What can I really say here. It is beyond an absolute pleasure to be featuring this wonderful remastered version of Cheer-Accident‘s phenomenal title track from their 2000 album Salad Days. Relistening to this fantastic blend of interweaving textures, dynamic guitars, bizarre horns, constantly shifting percussion, and bizarrely punctuated song structure have me in all sorts of nostalgic bouts. Barely graduating high school, getting kicked out of prime skate spots, getting munted from 2 beers. Ah, life you ol’ rascal.
If you’re a math rock head, you need to know about Chicago’s Cheer-Accident, a band that helped charter a new and exciting splice of punk, noise, experimental rock and avant-garde. Formed in 1981 and still going strong, the band continue to release, tour and inspire. Salad Days was the band’s eighth release, recorded over three years and featuring five long and drawn out tracks of horns, flutes, falsetto vocals and anything-but-conventional songwriting. The album wanders from energetic and beguiling to downright puzzling. It’s title track is much more than a 19 minute free-form epic, it is a deconstruction of musicianship and one that continues to leave me in a state of uneasy bliss.
I had the privilege of talking briefly to frontman Thymme Jones about Salad Days, and getting some of my burning questions out on the table…
The name ‘Cheer-Accident’ is one I’ve never been able to guess the meaning of! Can you enlighten us?
“Still in high school (early spring of senior year), I was looking through cards at a Hallmark shop and noticed a category of cards called “CHEER-ACCIDENT.” There was only one card in the bin, but apparently the idea was to cheer someone up after they’d had an accident. (The front of the card showed a guy in a hospital bed with his elevated leg in a cast.) The phrase struck me immediately as a perfect name for SOMETHING. It was used as a name of a cassette, initially, and then stuck as the band name when we became an actual band.) Although it was definitely not something I was remotely conscious of at first, I’ve since enjoyed thinking of it as an embracing of serendipity, which certainly speaks to our way of doing things.”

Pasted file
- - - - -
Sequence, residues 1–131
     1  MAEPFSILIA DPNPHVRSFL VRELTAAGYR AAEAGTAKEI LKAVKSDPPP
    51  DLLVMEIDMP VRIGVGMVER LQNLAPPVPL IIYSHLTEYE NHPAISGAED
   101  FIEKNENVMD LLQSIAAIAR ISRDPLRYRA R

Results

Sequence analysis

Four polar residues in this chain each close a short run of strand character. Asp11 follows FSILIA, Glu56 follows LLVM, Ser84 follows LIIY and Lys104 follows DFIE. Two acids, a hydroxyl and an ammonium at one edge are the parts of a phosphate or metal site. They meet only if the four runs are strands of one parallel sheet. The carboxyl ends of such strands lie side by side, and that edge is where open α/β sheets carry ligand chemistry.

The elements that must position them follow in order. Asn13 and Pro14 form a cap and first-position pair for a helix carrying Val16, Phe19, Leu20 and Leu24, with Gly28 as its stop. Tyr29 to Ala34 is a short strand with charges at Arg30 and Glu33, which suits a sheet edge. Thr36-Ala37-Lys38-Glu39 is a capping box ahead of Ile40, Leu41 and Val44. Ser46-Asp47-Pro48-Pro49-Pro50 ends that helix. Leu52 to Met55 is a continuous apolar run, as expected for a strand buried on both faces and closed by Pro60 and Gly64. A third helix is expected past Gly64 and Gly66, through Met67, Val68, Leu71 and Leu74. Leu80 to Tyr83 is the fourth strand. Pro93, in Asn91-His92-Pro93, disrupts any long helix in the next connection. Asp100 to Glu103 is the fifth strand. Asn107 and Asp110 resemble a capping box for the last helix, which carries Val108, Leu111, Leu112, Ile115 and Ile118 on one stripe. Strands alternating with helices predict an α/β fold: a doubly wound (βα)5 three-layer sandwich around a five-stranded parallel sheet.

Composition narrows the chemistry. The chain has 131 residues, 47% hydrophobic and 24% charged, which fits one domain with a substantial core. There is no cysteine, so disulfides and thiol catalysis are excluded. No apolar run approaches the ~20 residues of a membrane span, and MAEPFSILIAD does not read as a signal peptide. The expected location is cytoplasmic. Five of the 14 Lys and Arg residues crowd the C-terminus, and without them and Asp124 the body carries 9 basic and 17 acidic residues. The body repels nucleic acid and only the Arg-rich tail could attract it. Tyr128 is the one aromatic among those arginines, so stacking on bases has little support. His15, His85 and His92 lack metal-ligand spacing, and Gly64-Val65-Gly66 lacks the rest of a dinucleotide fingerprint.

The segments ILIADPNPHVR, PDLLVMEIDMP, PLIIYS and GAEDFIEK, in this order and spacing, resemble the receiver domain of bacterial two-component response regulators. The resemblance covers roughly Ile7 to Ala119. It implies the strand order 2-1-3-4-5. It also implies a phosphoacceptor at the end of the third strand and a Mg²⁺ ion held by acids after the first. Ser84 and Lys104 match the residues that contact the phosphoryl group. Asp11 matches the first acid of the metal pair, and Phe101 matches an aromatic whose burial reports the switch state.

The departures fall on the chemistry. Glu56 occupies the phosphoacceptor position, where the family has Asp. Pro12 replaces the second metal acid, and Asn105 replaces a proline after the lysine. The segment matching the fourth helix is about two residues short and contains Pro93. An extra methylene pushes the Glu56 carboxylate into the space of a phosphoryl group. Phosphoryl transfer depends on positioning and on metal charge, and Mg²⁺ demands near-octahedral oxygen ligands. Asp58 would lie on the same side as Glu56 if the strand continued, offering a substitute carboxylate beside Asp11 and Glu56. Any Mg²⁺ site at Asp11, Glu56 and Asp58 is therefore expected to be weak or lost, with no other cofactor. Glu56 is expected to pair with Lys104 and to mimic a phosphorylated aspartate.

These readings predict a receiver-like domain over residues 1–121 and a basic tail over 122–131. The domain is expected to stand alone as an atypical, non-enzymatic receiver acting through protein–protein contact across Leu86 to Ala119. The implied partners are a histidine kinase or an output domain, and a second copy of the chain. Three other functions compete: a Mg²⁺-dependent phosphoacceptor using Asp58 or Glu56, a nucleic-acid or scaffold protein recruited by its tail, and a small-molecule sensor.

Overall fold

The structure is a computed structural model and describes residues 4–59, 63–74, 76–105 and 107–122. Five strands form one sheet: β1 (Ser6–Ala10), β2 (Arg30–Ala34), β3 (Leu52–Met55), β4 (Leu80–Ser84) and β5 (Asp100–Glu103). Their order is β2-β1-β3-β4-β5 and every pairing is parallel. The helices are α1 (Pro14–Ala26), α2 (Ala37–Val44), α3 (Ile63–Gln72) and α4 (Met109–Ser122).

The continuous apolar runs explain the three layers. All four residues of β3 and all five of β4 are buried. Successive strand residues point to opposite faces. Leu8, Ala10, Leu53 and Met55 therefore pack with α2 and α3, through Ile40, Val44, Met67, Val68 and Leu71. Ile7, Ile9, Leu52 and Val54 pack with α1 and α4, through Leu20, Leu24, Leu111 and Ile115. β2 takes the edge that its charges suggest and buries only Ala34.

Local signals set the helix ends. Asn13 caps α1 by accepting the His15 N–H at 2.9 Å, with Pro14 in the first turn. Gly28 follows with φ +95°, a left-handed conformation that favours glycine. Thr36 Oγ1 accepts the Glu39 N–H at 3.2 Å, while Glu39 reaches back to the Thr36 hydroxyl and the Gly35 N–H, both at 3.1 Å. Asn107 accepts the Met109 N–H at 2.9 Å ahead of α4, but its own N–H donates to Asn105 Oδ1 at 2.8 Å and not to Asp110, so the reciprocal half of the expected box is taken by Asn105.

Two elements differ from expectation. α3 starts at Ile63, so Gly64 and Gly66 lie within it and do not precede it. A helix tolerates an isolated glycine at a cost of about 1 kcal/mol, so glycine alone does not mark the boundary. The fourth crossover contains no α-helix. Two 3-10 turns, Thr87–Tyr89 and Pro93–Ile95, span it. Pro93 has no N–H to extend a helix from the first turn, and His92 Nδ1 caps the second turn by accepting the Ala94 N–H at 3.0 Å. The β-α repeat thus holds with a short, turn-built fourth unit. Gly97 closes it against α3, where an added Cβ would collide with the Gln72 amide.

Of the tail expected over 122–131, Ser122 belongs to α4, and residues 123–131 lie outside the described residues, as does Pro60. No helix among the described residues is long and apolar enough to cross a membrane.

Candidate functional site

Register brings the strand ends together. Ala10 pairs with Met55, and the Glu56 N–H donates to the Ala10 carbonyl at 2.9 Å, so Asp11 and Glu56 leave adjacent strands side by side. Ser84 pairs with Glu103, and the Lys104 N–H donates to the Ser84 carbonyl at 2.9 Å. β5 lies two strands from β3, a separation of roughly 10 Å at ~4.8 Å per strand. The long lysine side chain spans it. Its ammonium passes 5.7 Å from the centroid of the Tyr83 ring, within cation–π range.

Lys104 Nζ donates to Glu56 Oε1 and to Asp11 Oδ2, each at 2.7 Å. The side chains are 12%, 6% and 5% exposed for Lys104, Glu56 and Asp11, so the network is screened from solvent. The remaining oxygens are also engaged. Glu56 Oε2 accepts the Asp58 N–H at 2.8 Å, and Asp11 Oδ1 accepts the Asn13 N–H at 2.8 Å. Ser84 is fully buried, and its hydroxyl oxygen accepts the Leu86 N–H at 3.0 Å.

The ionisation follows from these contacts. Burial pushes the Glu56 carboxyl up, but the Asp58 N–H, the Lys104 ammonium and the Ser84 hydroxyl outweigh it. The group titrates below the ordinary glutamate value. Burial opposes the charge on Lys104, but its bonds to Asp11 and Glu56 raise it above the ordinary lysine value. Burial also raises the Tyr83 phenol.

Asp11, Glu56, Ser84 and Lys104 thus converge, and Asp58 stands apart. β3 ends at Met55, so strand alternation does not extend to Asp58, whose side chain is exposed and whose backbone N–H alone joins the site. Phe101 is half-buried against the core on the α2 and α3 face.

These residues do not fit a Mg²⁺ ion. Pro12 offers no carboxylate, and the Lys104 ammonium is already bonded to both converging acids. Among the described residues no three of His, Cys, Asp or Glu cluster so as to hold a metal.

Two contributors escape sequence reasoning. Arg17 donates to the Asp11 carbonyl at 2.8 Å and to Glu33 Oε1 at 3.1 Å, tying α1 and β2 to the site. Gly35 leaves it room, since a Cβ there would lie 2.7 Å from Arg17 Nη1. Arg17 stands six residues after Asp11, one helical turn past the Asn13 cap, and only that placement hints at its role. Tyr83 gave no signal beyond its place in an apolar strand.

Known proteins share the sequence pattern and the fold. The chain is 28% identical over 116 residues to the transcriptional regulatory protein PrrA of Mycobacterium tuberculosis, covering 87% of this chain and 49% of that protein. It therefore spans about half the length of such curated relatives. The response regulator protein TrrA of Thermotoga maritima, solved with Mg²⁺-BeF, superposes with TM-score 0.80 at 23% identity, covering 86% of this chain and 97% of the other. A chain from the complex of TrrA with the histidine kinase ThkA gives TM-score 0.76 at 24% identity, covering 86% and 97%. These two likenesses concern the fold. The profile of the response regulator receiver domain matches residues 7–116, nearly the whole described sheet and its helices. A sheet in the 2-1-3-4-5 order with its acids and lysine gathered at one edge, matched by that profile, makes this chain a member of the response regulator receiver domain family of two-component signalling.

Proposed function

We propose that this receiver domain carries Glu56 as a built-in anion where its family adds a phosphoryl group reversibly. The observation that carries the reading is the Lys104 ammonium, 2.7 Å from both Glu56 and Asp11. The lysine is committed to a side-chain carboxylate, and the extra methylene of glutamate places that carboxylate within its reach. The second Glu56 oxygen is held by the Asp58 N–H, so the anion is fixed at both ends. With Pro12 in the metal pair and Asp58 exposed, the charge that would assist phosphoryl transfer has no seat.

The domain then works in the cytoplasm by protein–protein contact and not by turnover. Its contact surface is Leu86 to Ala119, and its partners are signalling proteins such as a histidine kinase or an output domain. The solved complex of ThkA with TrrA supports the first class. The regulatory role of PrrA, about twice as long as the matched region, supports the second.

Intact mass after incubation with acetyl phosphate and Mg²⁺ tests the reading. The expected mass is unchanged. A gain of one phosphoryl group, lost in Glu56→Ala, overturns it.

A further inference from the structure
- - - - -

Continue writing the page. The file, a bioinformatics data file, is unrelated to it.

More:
‘Salad Days’ is an exceptionally long endeavor, almost 19 minutes. ‘Trading Balloons’ is a whopping 52 minutes! There is a lot of experimentation with musical space: lots of drawn out melodies, bits of empty space. I’m interested in your motives here. Can you provide some insight into your songwriting process? What is your intention behind these long epics? An exploration of sound?
“An exploration of sound, definitely, and an exploration of form. And an exploration of how time is perceived. With both pieces, there are minimal and meditative sections which stretch a small amount of material out for extended periods of time, and then there are densely-packed sections which function in the opposite way.”
Both pieces were painstakingly composed by the whole band (a quartet at the time). It was a very time-consuming process, as the “mathier” parts were very much written with all four of us in the room at the same time. It’s akin to sculpture, in that there is a certain amount of material to work with, which we then shave off or add to in order to create the desirable shapes. It’s very “hands on.” In the case of Salad, Jeff actually had about 85% of the form (in terms of its linear progression), which we then built on top of.”
How do you feel about your music being described as ‘math rock’? You evidently blend a lot of different musical motifs, but I’m interested in your opinion of the term.
“All music involves math. Does our music involve MORE math than, say, the polyrhythms and waveforms created by dozens of cicadas? Probably not.
Somebody came up to me after our recent St. Louis show and was enthusiastically talking about how all of our stuff is “math rock.” I asked him if he thought “The Why Album” was math rock. He paused for a few seconds, and then answered, “Yes!” And then he asked why the song “Transposition” was included two times in a row on that release. I informed him that it was on there three times in a row. So much for math!
I think I have an equal lack of feeling about the following terms: rock, math rock, prog rock, experimental, pop. I understand the reference points, and they all point to something that’s somewhat accurate about what we’re doing, but I’ve gotten too spoiled by now: too many people have conveyed their desire/ability to take what we do (be it in person or on a recording) as a whole and unique experience, something which doesn’t fit snugly into any one category, no matter how it might seem to fit in a given moment. (Having said that, I’m going to happily refer to our next album on Skin Graft– our 19th, coming out in the spring of 2018– as ‘kraut pop’.)”